But one of my duties, when I was not stumbling over basic cantrips, was cleaning. Ivros lived in a tower, one he had taken from a rival Wizard in arcane combat, and the previous owner had been a hoarder. Rooms were packed with trinkets, antiquities, and books; frequently magical, more frequently worthless junk. With effort, I could see arcane auras, and so I spent long days sorting through the storerooms in search of enchanted items Ivros could use or sell, and tomes of arcane lore he would find interesting. It was in one of those rooms that I found it. An ancient libram, centuries old, and unlabeled save for a strange sigil on the cover. It drew me like nothing ever had, and for the first time in my life, I disobeyed my master by hiding the book instead of bringing it for his perusal. My scraps of free time were spent in that storeroom, laboriously translating it line by line from the lost tongue of Nar to Mulhorandi. Slowly, it revealed to me secrets of a lost art of conjuration - rituals capable of contacting otherworldly beings beyond the planes, calling them to me, and taking their power for my own. This was a magic outside even Ivros's understanding, and so I did not share it. I suffered by day, and studied by night, until at last I thought myself ready to conduct a binding. Amon came at my call, and for a share of my place in the world, gave me his gifts for a day. But his power was too much for my flesh, and his sign was unmistakable; upon rising, Ivros would know I had conducted magic without his permission, and it would likely be my life in payment. So I fled, armed only with my tome and the vestige within me.
I feared pursuit, but none came - like Ivros was simply glad to be rid of my presence and irritating lack of proficiency, and he had never known of the libram that I stole. But I could not be certain this would be true forever, and all the same Thay was no longer safe for me and my new skills. I forged west, through Thesk, and took service on a ship plying the trade routes of the Sea of Fallen Stars - the captain was suspicious, but Naberius's silvered tongue convinced him otherwise, and I pulled my weight as a seaman enough that an occasional quirk of behavior was ignored.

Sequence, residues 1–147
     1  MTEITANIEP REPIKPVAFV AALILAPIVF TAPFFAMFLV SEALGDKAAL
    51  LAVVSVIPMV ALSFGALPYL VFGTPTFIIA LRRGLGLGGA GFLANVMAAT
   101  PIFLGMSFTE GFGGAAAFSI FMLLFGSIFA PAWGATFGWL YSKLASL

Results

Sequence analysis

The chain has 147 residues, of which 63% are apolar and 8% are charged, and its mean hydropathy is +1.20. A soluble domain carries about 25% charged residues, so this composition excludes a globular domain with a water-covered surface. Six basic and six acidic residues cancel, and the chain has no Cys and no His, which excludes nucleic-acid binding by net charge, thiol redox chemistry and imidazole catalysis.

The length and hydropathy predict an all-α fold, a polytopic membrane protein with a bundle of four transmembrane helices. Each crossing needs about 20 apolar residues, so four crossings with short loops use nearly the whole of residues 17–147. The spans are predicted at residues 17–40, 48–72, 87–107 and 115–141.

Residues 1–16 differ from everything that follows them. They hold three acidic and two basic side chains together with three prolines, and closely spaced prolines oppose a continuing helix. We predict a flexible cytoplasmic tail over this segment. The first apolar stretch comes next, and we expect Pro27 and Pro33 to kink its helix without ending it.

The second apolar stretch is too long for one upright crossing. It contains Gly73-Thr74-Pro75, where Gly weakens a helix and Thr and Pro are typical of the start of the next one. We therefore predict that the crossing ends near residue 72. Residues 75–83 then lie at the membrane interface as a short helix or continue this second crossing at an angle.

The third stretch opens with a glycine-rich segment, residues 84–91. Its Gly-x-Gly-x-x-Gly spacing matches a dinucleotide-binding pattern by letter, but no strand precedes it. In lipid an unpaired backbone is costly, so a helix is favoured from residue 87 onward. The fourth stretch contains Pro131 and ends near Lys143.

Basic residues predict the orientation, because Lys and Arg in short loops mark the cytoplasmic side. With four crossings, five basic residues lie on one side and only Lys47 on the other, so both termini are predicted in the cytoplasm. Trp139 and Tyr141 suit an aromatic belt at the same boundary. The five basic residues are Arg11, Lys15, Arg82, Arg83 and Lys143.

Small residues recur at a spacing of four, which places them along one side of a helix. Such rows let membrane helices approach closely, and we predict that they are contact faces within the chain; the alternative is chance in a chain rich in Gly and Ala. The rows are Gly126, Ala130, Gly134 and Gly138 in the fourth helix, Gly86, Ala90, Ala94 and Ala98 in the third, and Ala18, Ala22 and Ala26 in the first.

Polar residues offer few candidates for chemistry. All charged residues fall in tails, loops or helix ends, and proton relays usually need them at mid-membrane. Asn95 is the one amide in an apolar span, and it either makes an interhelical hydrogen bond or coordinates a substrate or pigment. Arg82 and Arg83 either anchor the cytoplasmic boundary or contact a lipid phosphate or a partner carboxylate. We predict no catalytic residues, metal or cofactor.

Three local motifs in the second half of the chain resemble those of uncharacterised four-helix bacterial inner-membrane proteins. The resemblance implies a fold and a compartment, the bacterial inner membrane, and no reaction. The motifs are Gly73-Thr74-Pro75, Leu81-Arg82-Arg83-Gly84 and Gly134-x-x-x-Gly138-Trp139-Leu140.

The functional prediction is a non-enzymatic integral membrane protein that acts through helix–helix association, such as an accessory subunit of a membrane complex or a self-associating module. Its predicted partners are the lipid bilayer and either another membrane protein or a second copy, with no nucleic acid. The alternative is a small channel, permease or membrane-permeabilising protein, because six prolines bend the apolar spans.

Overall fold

I left the sea in Cormyr, and from there traveled far and wide. Often, the signs of my partners roused ignorant villagers or suspicious guards to violence. Very rarely, someone saw them for what they were, and my fragmented knowledge grew just a bit as two outcasts bonded to outcasts exchanged tidbits of lore before going our separate ways. Where possible, I passed myself off as a sorcerer, finding odd jobs and work to sustain myself in my journeys. Once, I saw notice of a band of explorers planning an expedition to Narfell itself, at the behest of a great druid trying to cleanse cursed ruins of their corruption. That journey taught me much, both in self-sufficiency and when to rely on others, including my introduction to the faith of the elven god Fenmarel Mestarine, patron of outcasts and pariahs, by way of his priestess Hacanthra. A wild elf, she lived up to the name of her race, but saw steel beneath my mask and a kindred spirit of loneliness in a hostile world. Most nights together were spent in pursuits more primal than religion, yet we talked as well, and I saw value in taking a patron dedicated to those no one else would welcome. Whether he welcomes my devotion I have never been sure, but nor have I ever seen a sign of outright rejection.
Our trip to Narfell and its demon-tainted catacombs ended ultimately in failure. Of five, three of us returned - my first love one of the two lost forever. I, though, left those dark lands with a prize, and a mission. From a tome bound in human flesh, I had found the sigils of Geryon, and from a tattered scroll, only a name - Chupoclops. A mighty vestige, predator of the gods themselves in ages lost to time. Its sigil was incomplete, but more complex than any I had ever beheld before, and I shall not rest until I find the portions missing and seal the Harbinger of Forever to my soul.
I write here in Waterdeep, comfortably alone amidst a crowd in a tavern. The City of Splendors is a new place to me, but surely within its walls there will be a clue leading towards a pact I have not acquired, perhaps even the Harbinger itself. Somewhere in the city, I have heard of a safe house for binders, guarded by the Knights of Agares. If anyone knows where pact lore can be found, it will be a Knight of the Sacred Seal - but finding them will be challenge indeed.